However, there have been numerous articles and research conducted that shows the negative effects of television on children. It has been stated that “watching a single violent program can increase aggressiveness” in children (American Academy of Child and Adolescent Psychiatry 2002). Even cartoons have some form of violence.
When we see Tom and Jerry chasing each other and hitting each other on the head with a mallet or a hammer, they normally survive this and children tend to think that its play, that the next person will survive it like Gerry does each time. In reality, when a child hits another child with a mallet or a hammer on the head, or imitate a wrestling move they saw on TV, the repercussions are dangerous if not fatal (Kernshaw 2007). So if violent television shows have this effect on children, would it be possible to say that it can also influence good behavior?
“Designated Driver” was a television-based campaign started by the Harvard School of Public Health that targeted young adults about the dangers of driving under the influence. (Harvard) They began the campaign in 1988. By 1998, they estimated that almost 50,000 lives were saved because of the campaign together with the community’s efforts to impose stricter guidelines and penalties. Of course, the target audience for this campaign was young adults. And it worked. The principles are still the same if applied to younger children.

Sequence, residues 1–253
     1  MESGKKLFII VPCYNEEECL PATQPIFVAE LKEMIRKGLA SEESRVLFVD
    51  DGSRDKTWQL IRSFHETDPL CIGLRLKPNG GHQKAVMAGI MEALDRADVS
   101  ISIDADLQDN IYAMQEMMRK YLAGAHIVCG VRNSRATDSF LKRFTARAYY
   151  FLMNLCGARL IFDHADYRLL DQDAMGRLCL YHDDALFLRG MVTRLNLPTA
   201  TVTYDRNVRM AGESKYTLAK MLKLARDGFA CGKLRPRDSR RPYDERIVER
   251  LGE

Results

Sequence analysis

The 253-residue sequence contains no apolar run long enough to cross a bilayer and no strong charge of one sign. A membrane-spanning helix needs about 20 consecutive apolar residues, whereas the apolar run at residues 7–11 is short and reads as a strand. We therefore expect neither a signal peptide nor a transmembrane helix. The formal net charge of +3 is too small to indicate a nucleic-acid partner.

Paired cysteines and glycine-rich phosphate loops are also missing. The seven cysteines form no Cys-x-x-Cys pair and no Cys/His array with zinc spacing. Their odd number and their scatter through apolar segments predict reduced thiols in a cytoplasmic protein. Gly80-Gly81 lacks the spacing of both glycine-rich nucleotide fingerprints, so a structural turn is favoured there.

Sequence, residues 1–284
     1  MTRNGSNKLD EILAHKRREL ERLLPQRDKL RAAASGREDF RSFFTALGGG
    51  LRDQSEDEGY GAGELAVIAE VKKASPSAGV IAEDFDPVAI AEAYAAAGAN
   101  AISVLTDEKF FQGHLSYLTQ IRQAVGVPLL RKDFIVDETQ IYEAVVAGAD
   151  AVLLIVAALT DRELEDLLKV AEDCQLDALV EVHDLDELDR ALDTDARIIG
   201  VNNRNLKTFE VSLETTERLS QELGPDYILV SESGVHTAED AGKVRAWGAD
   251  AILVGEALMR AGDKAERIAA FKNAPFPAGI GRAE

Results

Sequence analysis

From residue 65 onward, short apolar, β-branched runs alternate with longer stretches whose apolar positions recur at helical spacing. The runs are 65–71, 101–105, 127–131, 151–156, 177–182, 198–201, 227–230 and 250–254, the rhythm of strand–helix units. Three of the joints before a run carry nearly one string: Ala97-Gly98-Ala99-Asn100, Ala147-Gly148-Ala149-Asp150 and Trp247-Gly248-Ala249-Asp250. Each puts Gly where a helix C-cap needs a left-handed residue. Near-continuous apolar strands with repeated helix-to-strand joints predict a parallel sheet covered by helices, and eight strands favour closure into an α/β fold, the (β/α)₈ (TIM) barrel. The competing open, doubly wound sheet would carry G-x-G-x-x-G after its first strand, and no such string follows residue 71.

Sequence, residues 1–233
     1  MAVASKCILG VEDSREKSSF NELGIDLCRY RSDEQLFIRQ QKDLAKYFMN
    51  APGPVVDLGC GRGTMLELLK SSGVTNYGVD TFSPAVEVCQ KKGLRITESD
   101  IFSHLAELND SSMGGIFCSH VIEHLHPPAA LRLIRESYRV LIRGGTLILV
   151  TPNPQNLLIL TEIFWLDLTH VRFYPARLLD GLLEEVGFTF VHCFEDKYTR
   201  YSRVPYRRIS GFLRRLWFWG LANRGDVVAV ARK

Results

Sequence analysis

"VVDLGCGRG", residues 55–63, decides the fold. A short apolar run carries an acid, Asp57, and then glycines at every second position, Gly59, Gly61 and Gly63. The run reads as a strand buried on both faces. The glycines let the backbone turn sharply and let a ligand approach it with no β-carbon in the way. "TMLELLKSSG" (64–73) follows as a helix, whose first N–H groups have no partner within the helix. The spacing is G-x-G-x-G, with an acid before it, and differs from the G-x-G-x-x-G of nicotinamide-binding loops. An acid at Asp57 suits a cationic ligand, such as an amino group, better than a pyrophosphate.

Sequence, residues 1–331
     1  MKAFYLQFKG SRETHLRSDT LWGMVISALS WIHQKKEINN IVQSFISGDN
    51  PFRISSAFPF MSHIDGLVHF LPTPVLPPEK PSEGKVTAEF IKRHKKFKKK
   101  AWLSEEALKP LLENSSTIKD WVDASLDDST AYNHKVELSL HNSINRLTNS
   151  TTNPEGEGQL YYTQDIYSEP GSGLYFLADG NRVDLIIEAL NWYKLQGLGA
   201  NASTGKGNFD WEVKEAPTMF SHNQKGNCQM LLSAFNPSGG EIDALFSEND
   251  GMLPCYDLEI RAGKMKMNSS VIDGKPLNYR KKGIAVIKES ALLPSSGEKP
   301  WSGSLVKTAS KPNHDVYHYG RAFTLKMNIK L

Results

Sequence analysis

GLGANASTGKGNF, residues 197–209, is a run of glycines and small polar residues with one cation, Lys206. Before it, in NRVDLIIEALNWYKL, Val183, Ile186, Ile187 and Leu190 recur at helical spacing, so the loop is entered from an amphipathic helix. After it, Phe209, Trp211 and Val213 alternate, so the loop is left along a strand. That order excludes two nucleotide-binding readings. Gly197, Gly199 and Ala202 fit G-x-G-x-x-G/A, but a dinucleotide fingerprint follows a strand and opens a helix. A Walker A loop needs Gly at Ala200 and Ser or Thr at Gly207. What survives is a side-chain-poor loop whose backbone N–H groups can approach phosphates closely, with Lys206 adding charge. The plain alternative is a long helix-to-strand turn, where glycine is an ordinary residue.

The American Academy of Pediatrics (AAP) says “children older than 2 should watch no more than 1 to 2 hours a day of quality programming.” The AAP further adds that “children under age 2 should have no "screen time", like TV, DVDs or videotapes, computers, or video games, at all.” (Jordan et al 2006)
On the other hand, we have to consider the case to case basis as shown by Ariel Gore in her article “TV can be a Good Parent.” Ariel points out that single mothers have been “helped” by the